Eleven Emory nurses named Fellows of the American Academy of Nursing
Woodruff Health Sciences Center | June 19, 2019
Eleven Emory nurses will be inducted as 2019 Fellows of the American Academy of Nursing (AAN). The Academy is composed of more than 2,000 of the nation's most accomplished nurse leaders in education, management, practice, policy and research, and selection for fellowship is one of the highest professional honors in the field of nursing.
"This is the largest number of Emory Nursing fellows inducted into the Academy during a single year,” says Linda McCauley, PhD, RN, FAAN, dean of Emory's Nell Hodgson Woodruff School of Nursing. "As leaders in nursing education, practice and transformative research, these honorees embody our mission of visionary nurse leadership at Emory."
The Emory nurses to be honored are:
Jinbing Bai, PhD, MSN, RN, Assistant Research Professor, Nell Hodgson Woodruff School of Nursing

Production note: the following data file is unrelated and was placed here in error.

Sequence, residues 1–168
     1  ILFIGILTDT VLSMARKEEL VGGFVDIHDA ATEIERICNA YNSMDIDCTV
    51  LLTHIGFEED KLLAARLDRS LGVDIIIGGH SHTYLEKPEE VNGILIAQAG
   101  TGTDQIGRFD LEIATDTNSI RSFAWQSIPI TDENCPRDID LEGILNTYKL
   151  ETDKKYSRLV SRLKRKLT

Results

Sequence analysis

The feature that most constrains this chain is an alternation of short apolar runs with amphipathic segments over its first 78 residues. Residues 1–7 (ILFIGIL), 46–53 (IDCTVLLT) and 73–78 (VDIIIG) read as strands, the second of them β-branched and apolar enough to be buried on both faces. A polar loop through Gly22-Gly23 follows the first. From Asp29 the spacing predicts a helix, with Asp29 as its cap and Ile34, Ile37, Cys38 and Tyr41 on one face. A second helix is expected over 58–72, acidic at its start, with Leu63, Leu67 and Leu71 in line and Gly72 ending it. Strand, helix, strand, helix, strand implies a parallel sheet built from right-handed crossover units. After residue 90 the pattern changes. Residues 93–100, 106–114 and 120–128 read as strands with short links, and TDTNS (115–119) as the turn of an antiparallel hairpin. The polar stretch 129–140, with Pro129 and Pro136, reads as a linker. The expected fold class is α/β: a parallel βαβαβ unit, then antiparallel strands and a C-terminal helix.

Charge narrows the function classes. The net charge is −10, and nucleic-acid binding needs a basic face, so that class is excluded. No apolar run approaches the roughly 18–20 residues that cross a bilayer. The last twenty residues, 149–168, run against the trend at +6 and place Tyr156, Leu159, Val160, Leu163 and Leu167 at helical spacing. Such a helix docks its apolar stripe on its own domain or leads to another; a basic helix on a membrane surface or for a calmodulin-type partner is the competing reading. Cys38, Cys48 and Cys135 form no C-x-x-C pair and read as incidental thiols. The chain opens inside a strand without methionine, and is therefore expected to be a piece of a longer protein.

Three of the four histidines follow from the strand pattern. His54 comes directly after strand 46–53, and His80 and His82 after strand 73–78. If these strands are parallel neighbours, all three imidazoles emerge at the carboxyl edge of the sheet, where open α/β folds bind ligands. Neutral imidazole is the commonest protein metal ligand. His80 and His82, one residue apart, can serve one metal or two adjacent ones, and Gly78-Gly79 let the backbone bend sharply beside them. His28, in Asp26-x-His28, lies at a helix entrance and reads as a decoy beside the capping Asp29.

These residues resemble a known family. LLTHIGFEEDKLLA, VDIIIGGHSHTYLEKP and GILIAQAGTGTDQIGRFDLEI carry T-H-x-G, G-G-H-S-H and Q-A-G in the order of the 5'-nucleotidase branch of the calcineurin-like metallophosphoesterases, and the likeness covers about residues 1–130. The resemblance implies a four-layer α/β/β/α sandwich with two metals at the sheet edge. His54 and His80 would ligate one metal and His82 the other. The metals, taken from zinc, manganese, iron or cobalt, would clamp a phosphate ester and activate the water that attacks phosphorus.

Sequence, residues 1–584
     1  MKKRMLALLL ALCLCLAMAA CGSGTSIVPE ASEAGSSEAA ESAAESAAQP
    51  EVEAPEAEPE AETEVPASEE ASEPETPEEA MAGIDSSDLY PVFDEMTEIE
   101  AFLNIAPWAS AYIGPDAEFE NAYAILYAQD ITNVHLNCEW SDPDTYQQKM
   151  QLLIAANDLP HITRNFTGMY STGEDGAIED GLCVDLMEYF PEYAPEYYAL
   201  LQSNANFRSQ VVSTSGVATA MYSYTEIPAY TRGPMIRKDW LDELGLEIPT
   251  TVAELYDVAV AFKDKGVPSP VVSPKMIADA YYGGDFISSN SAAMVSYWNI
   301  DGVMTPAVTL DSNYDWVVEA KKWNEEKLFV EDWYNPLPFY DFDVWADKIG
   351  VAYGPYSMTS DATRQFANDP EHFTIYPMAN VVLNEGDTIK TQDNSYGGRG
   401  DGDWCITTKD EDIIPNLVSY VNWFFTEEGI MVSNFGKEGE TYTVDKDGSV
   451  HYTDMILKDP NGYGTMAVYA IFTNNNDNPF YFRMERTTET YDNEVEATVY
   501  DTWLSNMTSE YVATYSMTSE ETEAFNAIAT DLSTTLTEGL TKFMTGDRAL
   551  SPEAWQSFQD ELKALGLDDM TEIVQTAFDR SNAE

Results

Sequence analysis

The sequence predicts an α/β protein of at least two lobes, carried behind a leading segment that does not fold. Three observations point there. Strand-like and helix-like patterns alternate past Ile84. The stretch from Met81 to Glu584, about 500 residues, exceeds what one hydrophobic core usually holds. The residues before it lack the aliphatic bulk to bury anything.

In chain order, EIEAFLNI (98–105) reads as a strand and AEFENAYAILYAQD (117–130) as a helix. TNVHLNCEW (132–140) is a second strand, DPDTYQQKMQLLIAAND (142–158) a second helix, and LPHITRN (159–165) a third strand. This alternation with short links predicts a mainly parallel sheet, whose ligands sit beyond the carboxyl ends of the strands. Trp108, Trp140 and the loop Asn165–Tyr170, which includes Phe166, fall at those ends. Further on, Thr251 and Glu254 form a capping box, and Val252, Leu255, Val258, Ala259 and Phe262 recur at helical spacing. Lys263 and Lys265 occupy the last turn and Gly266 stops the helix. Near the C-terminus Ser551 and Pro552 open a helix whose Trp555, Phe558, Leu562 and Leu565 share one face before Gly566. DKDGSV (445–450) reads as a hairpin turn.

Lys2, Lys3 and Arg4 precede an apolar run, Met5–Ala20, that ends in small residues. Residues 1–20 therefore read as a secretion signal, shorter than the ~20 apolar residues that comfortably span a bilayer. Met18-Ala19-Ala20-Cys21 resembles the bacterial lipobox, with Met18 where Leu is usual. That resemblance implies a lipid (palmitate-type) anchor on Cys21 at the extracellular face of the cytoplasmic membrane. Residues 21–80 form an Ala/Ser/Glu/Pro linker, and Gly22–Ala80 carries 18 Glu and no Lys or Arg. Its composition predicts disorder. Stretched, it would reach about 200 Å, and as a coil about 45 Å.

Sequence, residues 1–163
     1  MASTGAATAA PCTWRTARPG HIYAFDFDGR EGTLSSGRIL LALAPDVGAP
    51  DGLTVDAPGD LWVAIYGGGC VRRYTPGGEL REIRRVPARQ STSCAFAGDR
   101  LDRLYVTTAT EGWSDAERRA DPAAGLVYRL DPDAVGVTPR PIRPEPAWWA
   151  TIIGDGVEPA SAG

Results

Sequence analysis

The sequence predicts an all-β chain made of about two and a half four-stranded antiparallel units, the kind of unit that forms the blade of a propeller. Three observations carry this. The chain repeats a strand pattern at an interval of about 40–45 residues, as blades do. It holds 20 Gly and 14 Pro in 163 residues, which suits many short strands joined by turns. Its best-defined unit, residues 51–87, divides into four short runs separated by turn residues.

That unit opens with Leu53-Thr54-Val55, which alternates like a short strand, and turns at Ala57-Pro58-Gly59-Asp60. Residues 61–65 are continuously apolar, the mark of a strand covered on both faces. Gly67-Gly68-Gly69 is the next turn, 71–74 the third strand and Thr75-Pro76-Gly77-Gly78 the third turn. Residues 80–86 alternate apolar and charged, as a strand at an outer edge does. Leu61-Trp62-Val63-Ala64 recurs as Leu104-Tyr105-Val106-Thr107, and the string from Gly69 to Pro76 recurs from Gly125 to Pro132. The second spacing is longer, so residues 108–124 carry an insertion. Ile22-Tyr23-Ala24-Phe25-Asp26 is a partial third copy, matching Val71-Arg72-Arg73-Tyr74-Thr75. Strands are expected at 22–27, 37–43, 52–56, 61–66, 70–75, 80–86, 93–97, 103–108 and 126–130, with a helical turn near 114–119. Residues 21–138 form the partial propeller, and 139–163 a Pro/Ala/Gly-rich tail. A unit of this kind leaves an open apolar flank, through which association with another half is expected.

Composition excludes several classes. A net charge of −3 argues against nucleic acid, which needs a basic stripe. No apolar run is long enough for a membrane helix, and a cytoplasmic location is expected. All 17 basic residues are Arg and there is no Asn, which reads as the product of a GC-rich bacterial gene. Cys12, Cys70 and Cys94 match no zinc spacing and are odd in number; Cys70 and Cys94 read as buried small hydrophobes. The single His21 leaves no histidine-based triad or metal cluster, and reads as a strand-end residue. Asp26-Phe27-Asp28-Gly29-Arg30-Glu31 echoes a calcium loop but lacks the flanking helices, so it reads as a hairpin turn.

Rasheeta Chandler, PhD, ARNP, FNP-BC, FAANP, Assistant Professor, Nell Hodgson Woodruff School of Nursing
Carolyn Reilly, PhD, RN, CHFN-K, FAH, Associate Clinical Professor, Nell Hodgson Woodruff School of Nursing
Patricia Moreland, PhD, MSN, CPNP, RN, Assistant Clinical Professor, Nell Hodgson Woodruff School of Nursing
Theresa Gillespie, PhD, MA, BSN, Professor, Department of Surgery, Emory University School of Medicine
Eve Byrd, DNP, MPH, Director, Mental Health Program, The Carter Center
Michelle Dynes, PhD, MPH, MSN, RN, CNM, Nurse Epidemiologist, Division of Reproductive Health, Centers for Disease Control
Deena Gilland, DNP, RN, NEA-BC, Vice President and Chief Nursing Officer, Emory Ambulatory Patient Services Operations, Emory Healthcare
Mary Zellinger, CNS, Clinical Nurse Specialist, Cardiovascular Critical Care Unit, Emory University Hospital
Noreen Bernard, EdD, RN, NEA-BC, Vice President, Nursing Practice, Emory Healthcare